In just a few hours I head back to the hospital for a re-do of all those blood tests from last May, just in case I met up with a nasty mosquito during a recent weekend trip down the Amazon. (Not.) Assuming all is well, my first of five Neupogen shots will be on 9/24; I'll need to leave second day Sukkot services early in order to get to the hospital on time. After five days of injections, my stem cells will be practically leaping out of my bones, and hopefully not causing any discomfort in the process.
The next three shots were to be given at my home by a VNS nurse. Inconveniently, I have plans to be elsewhere on 9/25. I usually stay close to home on Shabbat but this was a special occasion, in the works for awhile. Someone else could give me the shot, which is subcutaneous and not intravenous (i.e., the kind of needle you stab yourself with in the arm or thigh, like a diabetic does with insulin), but that person would first need to submit credentials to the donation center and be thoroughly vetted. Of course this makes sense, but is also a big pain. The other option, which a few dear doctor friends convinced me is perfectly feasible, is to give myself the injection. Needles give me the creeps, but I opted to go this route after a dozen phone calls failed to identify a suitable injection-giver. They'll teach me how to do it at the hospital, and send me home with a cooler full of drugs and gel packs. One of the friends I'll be with is a doctor herself, so can supervise.
Or I might decide to skip the event, which will require stamina and some running around, and just lounge around at home that weekend. I have 11 more days to decide; it wouldn't be the end of the world, and would probably be the spiritually saner course of action. I was originally set to read Torah on the second day of Sukkot, too, but some people far wiser than I suggested I focus my kavannah on the impending donation rather than on vowels and trope. To be honest, I haven't been able to focus on much of anything for weeks. I've cranked out some less than brilliant work, paid bills, gone to the gym, all the usual stuff. But a good chunk of my brain is floating in a fog somewhere above. Often it feels real, other times utterly impossible and I wait to wake up, but then it's real once again and all I can do is smile and marvel, or sing. Rosh Hashanah couldn't have come at a better time.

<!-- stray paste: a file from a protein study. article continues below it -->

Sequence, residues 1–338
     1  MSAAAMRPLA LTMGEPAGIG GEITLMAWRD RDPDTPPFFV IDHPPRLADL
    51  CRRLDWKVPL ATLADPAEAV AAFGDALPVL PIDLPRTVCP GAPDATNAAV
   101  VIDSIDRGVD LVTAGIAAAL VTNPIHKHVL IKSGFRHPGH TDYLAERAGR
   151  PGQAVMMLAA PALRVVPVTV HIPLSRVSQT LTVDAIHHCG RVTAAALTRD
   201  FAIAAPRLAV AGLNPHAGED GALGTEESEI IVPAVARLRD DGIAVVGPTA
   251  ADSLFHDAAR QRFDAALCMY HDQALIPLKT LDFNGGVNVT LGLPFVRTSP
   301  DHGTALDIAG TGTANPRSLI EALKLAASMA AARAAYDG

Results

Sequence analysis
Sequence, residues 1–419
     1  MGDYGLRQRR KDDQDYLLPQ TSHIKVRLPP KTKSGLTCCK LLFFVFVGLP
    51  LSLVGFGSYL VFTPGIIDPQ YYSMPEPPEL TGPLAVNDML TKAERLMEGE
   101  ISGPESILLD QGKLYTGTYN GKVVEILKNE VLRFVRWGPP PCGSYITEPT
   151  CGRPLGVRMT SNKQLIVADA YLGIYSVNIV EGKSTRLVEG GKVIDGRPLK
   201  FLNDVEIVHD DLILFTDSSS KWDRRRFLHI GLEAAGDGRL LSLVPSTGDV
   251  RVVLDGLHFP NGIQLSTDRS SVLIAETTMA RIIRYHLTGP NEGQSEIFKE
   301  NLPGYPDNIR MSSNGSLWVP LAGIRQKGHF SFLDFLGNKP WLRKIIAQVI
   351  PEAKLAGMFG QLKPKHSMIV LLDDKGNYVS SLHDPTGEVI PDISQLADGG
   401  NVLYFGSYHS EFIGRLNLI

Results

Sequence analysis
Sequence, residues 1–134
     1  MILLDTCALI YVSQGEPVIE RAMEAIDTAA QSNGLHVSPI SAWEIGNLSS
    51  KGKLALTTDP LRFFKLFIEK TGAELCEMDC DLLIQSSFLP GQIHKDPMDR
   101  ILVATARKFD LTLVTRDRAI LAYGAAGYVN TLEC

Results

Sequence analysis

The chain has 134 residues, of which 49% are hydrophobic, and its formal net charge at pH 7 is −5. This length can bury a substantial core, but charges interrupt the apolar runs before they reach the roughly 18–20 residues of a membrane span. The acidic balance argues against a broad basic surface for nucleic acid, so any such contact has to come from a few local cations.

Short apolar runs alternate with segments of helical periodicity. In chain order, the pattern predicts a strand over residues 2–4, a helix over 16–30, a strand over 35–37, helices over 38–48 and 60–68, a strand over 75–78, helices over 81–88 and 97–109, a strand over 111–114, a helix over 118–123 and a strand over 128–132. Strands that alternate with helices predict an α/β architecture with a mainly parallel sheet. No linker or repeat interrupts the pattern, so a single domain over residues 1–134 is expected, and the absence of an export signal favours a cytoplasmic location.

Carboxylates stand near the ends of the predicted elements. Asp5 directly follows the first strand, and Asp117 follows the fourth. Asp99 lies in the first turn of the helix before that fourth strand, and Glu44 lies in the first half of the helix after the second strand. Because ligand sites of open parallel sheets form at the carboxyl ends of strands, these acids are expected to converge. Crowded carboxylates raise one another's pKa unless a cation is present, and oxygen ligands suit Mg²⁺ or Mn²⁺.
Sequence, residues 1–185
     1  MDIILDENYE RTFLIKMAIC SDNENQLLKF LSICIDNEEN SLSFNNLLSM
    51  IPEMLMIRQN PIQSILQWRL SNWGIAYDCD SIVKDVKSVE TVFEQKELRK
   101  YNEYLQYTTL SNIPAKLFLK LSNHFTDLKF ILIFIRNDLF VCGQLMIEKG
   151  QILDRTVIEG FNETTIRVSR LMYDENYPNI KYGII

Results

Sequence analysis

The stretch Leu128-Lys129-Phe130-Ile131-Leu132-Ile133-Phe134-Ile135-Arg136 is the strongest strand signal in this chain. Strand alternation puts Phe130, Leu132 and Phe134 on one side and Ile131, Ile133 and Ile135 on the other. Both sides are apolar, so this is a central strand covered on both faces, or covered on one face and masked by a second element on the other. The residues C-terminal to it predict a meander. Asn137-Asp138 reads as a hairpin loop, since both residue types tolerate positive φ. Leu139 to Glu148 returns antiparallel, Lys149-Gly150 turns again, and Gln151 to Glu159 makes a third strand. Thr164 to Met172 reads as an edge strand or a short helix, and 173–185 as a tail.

The other day I wondered if this is how parents or pregnant women might feel, a mixture of awe and a massive sense of responsibility. (How I wish I could ask my mother; oddly, coincidentally, I am now the same age as she was when she had me.) But then I decided it fell into a category all its own. Unlike a child, we are both responsible; the recipient of my stem cells chose to place her trust in a complete stranger. I can't imagine a braver act. Maybe I'm reacting as a surgeon or cop might, or that guy on the trapeze who catches the other guy by the wrists after he flies through the air. There is no way to sufficiently rise to the responsibility of embracing so much trust. All a person can do is keep living and breathing and doing her best, and God will take care of the rest.
On the way to services the other morning I passed by a big, scary-looking man walking an even larger scary-looking dog. The dog was also armed, in case they were not imposing enough, and held a log, the trunk of a small tree, in its jaws. Man and dog trotted past, and I gave them a wide berth on the sidewalk. And then they were gone, no harm done. I think that's how the donation will feel: some shock, excitement, a little fear, and then--done. Meanwhile, I finally fixed the alarm clock in my bedroom to display the actual time after years of keeping it set to seven minutes ahead, or maybe it was six, which I thought helped stop me from being late and forced me to rush, since I could never be sure of the actual time. But in reality I just subtracted six or seven and went about my business. Now, instead, I will be forced to focus on the present moment alone.